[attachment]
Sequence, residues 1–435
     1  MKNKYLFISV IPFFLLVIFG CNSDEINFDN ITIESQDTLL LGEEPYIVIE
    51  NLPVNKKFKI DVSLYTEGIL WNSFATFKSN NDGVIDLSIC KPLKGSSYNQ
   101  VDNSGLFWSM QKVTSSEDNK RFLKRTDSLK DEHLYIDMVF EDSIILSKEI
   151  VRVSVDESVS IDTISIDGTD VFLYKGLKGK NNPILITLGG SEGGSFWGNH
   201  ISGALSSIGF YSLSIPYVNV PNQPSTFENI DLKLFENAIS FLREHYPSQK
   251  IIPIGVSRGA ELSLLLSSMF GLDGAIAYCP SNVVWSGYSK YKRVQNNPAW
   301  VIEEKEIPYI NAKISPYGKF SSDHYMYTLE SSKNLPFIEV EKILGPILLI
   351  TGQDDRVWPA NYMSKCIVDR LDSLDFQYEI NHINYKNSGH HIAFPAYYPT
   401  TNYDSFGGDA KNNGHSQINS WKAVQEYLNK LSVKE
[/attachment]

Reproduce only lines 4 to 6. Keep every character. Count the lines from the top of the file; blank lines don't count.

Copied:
   101  VDNSGLFWSM QKVTSSEDNK RFLKRTDSLK DEHLYIDMVF EDSIILSKEI
   151  VRVSVDESVS IDTISIDGTD VFLYKGLKGK NNPILITLGG SEGGSFWGNH
   201  ISGALSSIGF YSLSIPYVNV PNQPSTFENI DLKLFENAIS FLREHYPSQK